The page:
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Old 05-10-2004, 09:09 AM  
Senior Member
Join Date: Jan 2002
Location: Madrid, Spain
Posts: 346

Originally posted by bRaNcO
whats the advantage of using IPv6?
According to this article:

Bigger address space

The bigger address space IPv6 offers is the most obvious enhancement it has over IPv4. While today's Internet architecture is based on 32-bit wide addresses, the new version has 128-bit technology available for addressing. Thanks to the enlarged address space, workarounds like NAT don't have to be used anymore. This allows full, unconstrained IP connectivity for today's IP-based machines as well as upcoming mobile devices like PDAs and cell phones -- all will benefit from full IP access through GPRS and UMTS.


When mentioning mobile devices and IP, it's important to note that a special protocol is needed to support mobility, and implementing this protocol -- called "Mobile IP" -- is one of the requirements for every IPv6 stack. Thus, if you have IPv6 going, you have support for roaming between different networks, with global notification when you leave one network and enter the other one. Support for roaming is possible with IPv4 too, but there are a number of hoops that need to be jumped in order to get things working. With IPv6, there's no need for this, as support for mobility was one of the design requirements for IPv6. See [RFC3024] for some more information on the issues that need to be addressed with Mobile IP on IPv4.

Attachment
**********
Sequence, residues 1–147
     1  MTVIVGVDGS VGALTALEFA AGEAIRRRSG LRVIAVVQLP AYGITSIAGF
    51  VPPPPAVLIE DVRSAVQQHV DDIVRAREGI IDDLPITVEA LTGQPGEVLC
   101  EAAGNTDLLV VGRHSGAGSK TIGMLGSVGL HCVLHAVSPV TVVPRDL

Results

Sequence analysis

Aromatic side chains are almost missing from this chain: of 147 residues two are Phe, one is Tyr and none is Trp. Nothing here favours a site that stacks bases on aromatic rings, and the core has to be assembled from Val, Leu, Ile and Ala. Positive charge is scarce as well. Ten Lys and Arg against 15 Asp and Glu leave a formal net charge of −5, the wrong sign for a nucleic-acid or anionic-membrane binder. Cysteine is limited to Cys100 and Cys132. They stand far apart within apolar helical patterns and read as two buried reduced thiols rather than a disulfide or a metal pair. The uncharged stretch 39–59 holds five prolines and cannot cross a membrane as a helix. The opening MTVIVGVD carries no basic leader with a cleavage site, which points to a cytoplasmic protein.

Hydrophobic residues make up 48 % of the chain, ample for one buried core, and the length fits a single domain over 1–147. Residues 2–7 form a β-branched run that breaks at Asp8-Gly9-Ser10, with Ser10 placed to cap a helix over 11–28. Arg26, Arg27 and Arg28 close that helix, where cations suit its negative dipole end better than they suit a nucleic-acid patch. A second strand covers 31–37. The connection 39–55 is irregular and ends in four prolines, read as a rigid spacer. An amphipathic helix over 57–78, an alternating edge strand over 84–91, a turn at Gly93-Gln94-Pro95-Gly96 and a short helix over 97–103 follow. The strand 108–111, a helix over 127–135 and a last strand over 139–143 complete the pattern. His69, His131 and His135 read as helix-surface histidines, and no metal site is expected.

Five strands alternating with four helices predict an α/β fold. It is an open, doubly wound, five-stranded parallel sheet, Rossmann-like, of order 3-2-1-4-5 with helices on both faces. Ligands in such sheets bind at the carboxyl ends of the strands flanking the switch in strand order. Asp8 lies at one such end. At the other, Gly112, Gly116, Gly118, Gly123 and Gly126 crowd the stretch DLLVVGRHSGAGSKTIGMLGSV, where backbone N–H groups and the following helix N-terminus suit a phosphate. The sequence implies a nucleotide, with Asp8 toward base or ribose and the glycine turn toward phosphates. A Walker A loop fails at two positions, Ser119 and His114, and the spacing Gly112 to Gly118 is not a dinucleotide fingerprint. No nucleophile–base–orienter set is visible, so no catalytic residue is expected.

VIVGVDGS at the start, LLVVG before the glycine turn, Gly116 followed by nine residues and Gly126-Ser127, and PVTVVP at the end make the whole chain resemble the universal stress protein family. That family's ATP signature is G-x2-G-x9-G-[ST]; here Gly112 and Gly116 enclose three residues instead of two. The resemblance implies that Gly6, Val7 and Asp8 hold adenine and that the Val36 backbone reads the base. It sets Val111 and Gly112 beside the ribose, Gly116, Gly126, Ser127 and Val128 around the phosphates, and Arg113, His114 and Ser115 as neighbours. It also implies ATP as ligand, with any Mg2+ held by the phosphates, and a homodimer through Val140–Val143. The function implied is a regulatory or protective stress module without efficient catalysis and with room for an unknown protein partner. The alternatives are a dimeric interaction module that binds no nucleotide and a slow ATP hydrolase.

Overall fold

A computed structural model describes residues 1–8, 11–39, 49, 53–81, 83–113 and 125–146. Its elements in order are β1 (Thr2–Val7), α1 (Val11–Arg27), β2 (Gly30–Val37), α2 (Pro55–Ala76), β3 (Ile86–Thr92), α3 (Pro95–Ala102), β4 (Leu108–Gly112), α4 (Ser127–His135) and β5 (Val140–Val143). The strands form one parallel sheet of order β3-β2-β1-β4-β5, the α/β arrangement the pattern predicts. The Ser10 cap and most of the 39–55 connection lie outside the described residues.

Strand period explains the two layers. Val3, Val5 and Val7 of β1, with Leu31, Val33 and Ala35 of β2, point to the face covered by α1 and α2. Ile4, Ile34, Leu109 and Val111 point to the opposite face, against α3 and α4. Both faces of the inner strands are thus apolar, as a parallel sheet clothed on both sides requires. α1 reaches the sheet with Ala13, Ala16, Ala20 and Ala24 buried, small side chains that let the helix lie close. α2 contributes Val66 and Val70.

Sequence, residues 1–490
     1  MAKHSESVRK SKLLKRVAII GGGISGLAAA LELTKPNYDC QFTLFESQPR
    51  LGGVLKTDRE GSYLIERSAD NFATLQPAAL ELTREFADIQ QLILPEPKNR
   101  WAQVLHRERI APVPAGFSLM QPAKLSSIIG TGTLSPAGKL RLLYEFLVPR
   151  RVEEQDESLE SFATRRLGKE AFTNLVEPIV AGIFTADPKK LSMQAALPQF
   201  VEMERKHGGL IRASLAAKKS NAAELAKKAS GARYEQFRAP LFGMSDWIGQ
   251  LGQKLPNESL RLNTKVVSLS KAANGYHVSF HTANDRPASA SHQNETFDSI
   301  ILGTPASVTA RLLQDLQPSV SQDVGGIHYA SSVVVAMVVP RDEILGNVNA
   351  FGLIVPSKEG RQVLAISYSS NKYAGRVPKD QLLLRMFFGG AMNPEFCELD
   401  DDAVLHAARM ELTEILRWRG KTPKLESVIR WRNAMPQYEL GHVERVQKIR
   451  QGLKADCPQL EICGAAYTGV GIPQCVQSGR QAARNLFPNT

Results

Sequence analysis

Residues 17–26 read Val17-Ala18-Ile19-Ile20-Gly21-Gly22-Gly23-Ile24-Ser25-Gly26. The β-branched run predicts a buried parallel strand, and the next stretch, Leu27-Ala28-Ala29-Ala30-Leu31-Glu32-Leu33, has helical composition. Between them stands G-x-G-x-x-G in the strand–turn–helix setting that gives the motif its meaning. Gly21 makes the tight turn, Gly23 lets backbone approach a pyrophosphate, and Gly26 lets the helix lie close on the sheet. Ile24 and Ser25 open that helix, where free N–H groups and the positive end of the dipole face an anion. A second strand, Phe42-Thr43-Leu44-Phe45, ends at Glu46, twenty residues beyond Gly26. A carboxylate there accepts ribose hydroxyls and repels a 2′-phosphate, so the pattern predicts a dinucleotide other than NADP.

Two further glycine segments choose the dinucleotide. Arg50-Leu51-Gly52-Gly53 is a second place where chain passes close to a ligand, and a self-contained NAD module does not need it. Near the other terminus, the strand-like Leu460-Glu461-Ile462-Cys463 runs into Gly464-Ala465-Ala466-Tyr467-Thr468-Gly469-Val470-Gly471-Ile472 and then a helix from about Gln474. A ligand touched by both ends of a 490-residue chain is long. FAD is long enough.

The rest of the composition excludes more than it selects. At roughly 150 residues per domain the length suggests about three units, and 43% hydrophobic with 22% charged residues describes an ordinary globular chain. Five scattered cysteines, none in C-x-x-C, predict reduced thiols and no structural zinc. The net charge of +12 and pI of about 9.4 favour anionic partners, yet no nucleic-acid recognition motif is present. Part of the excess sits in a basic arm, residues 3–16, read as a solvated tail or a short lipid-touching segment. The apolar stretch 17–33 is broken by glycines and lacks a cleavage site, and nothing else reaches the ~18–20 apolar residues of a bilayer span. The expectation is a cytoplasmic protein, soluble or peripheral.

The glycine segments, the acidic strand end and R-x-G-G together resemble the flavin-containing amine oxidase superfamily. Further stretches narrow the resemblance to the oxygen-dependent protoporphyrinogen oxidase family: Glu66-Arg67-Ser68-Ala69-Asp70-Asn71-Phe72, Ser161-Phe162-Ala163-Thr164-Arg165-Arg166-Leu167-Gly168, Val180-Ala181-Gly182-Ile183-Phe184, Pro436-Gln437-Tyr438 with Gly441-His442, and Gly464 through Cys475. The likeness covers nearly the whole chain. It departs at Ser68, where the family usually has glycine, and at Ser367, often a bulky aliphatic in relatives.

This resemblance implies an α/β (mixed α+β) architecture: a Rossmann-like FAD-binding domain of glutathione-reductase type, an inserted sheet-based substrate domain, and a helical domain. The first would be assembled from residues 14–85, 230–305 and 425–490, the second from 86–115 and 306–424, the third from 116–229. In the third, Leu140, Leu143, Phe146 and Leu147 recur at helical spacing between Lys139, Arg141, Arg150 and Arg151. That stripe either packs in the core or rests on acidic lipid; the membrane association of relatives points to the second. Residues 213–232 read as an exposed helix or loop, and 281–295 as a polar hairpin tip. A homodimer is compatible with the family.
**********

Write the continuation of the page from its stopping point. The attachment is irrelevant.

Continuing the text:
Besides support for mobility, security was another requirement for the successor to today's Internet Protocol version. As a result, IPv6 protocol stacks are required to include IPsec. IPsec allows authentication, encryption, and compression of IP traffic. Except for application-level protocols like SSL or SSH, all IP traffic between two nodes can be handled without adjusting any applications. The benefit of this is that all applications on a machine can benefit from encryption and authentication, and that policies can be set on a per-host (or even per-network) basis, not per application/service. An introduction to IPsec with a roadmap to the documentation can be found in [RFC2411], the core protocol is described in [RFC2401].

About IPv6 addresses: with IPv4 it could be 2^32 IPs (4.294.967.296) and with IPv6 that number increases to 2^128 (3.402823669 e38).

One example: the IPv4 address will be 2002:0450:0009:0010:0000:0000:0000:0071 in IPv6 or 2002:450:9:10::71 (abbreviatted).
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